David Helldén : modernistisk visionär på traditionens grund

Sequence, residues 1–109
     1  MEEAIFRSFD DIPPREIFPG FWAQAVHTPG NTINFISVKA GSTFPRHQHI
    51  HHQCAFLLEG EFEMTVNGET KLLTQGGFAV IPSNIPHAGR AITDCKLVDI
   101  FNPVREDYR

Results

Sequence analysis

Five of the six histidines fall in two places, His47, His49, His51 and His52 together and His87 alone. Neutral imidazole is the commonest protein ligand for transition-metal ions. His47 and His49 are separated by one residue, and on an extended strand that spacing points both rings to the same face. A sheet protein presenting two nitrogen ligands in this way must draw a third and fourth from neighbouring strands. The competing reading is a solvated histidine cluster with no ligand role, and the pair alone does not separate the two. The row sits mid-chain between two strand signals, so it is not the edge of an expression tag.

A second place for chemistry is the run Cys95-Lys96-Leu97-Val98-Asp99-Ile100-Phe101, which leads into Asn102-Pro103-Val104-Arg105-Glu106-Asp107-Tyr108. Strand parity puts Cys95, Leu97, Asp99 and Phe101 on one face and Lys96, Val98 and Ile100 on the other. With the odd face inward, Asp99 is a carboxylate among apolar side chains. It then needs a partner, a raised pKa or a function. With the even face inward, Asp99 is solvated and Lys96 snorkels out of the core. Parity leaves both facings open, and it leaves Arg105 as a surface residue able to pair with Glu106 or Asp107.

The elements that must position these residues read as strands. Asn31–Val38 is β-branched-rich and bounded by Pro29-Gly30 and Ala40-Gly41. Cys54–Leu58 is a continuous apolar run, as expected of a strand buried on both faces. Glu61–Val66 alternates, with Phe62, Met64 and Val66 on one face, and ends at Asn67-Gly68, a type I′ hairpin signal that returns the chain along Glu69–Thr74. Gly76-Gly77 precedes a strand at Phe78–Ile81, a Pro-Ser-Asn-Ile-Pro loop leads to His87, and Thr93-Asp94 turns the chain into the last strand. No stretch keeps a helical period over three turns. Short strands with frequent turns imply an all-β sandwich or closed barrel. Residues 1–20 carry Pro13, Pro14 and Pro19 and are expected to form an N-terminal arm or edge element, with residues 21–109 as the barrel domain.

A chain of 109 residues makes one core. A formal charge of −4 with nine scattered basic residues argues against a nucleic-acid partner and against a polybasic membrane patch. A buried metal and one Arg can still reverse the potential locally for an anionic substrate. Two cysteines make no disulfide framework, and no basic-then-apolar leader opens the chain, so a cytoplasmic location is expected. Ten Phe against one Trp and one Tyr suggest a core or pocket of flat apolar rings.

Sammanfattning: Architect David Helldén (1905-1990) took part in the formation of some of the most well-known buildings and environs in Stockholm. Hötorgscity, Sergels Torg and the turquoise glass complex of Stockholm University at Frescati all bear his signature, as does Hökarängen Centre, which includes the first pedestrianised shopping street in Sweden. Helldén’s production also embraces Malmö Stadsteater (in collaboration with Erik Lallerstedt and Sigurd Lewerentz), part of the Ribershus housing area in the same city, several interesting school buildings and advanced private houses. During the last three decades Helldén has come to be regarded as a dogmatic Modernist and something of a second-rate figure in twentieth-century Swedish architecture. If he has been given any credit at all, it has been as a communicator and executor of ideas seen as otherpeople’s rather than his own. This has, however, long been felt to be a rather narrow opinion and it is against this background that the investigation should be seen. The intention has been to map out and study the whole of Helldén’s professional activity as related to the larger,often complex contexts of which this was part, in order to see what he really did and what actual significance he had. In this investigation four main categories of source material are included, using the research methods most appropriate to each. The first category comprises documents and drawings connected with the process of shaping the buildings (traditional studies in a number of archives, including the Swedish Museum of Architecture, where Helldén’s own archive is now to be found), the second category comprises the buildings themselves (studies and photographic documentation on site), the third category consists of material which relates how the buildings were received in their own time (run-through of reports from competition judges, various types of published material such as newsreels, and radio and TV programmes), and the fourth category consists of recollections formulated at a later date bypeople who have been involved in various ways (written testimonies and interviews, including those recordedwith David Helldén himself). The investigation shows that Helldén quite clearly can be reckoned as belonging to a small group of people through history who have had an absolutely decisive influence over the shaping of Stockholm. In the development of Sweden as a whole Helldén has been of more limited, though not unimportant, significance. Above all he has influenced other architects as an innovator and visionary, while the buildings he has completed have played a lesser role. Seen in an international perspective, on the other hand, Helldén can be reckoned among the group of architects who developed Modernism with enthusiasm and great skill into a worldwide design movement. It is clear, too, that Helldén was, in this context, not only a receiver of external impulses, but also himself contributed to developments internationally. David Helldén belonged in spirit, though not in years, to the generation which pioneered Modernism, and this was why he often went wrong in relation to the ideals of the time. He was, however, by no means a dogmatic Modernist, even if the way in which he handled the existing environment would nowadays be unthinkable. On the contrary, Helldén was also strongly anchored in an older tradition: he never, for example, designed any out-and-out Modernist private houses. It is just this “doubleness” which gives him much of his strength as an architect. Helldén’s really great gift lies, however, in his way of being able to visualise his unconventional and innovative ideas on architecture and urban design and transform them into tangible projects. It is this which ultimately qualifies him for a place in twentiethcentury architectural history – as one of the true visionaries of the Modern project.
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